With Windows 11 approaching its next full feature update (version 22H2, codenamed Sun Valley 2), users who have signed up to the Windows Insider Program are experiencing what the new version has to offer. 22H2 is the first major Windows 11 update since its launch in late 2021.
Overall, it’s a pretty neat update, with some behind-the-scenes improvements and small new features rather than a complete overhaul. We’re getting drag and drop to the taskbar, Windows Spotlight, and a new ‘Stickers’ feature that lets you place fun stamps on your desktop.
Potentially the most exciting part of the update is a revamped Windows Task Manager, adopting the fluent design system (opens in new tab) for improved user operation and a more consistent look and feel with the rest of Windows 11. It certainly looks more modern, with the old top tabs shifted to a left-hand column, like the Settings menu and File Explorer, and common tasks moved to a bar at the top.
These changes are reported to make the tool more touchscreen friendly as Windows 11 continues to expand its reach on 2-in-1 tablets and laptops. The new Task Manager also uses the new ‘Virtual Design Material’ from Microsoft called Mica, which aligns the window’s color scheme to match the desktop background. There’s also new support for Dark Mode, which is great.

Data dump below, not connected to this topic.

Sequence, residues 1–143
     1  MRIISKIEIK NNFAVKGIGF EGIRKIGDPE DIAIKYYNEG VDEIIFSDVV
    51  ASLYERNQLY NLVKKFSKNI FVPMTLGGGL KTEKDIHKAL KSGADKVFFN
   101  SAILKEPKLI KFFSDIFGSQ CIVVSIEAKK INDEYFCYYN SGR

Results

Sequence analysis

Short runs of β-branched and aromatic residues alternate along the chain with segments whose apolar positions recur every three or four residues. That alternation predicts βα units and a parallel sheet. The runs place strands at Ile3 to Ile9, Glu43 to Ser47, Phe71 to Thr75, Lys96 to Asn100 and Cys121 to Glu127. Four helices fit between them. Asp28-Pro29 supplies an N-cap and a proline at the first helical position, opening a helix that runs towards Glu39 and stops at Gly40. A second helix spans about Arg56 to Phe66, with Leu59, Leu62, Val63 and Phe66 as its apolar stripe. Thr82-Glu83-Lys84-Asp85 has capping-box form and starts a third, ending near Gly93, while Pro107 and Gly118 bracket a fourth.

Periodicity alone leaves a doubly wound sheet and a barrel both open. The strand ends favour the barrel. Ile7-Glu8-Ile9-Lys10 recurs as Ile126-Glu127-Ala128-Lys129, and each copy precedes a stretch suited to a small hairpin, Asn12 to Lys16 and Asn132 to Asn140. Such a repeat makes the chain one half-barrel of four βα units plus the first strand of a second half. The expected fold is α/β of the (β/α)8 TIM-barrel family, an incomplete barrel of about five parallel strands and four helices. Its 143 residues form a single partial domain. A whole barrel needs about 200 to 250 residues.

The biggest change is undoubtedly the addition of a new ‘efficiency mode’ for individual processes, allowing you to limit the use of system resources by specific programs that might be consuming your CPU or memory. It’s potentially very useful for battery efficiency, giving you the ability to deprioritize resource-intensive tasks so your CPU can prioritize the processes you want.
Analysis: Should you sign up for WIP?
Well you would look into that. It’s certainly no coincidence that the acronym for the Windows Insider Program is commonly used to mean ‘work in progress’, because that’s exactly what it is. Admittedly, I’m running the Windows 11 ‘dev build’, which is notably less stable than the other builds available to Insiders, but this is a decidedly unfinished iteration of the OS.
Ultimately, the trade-off in system stability isn’t worth accessing small new additions; at least not for the average user. The new efficiency mode will be a boon for system efficiency min-maxers, but enabling Eco mode in Windows 11’s battery settings will be more than enough for most.
The Windows Insider Program isn’t for everyone, to be fair. If you’re a serious tech enthusiast or really work on software development for Windows systems, it’s a great option to stay ahead of the curve. But having loaded myself to check out the new Task Manager, I can safely say I’ll be back to my nice stable version 21H2, thanks.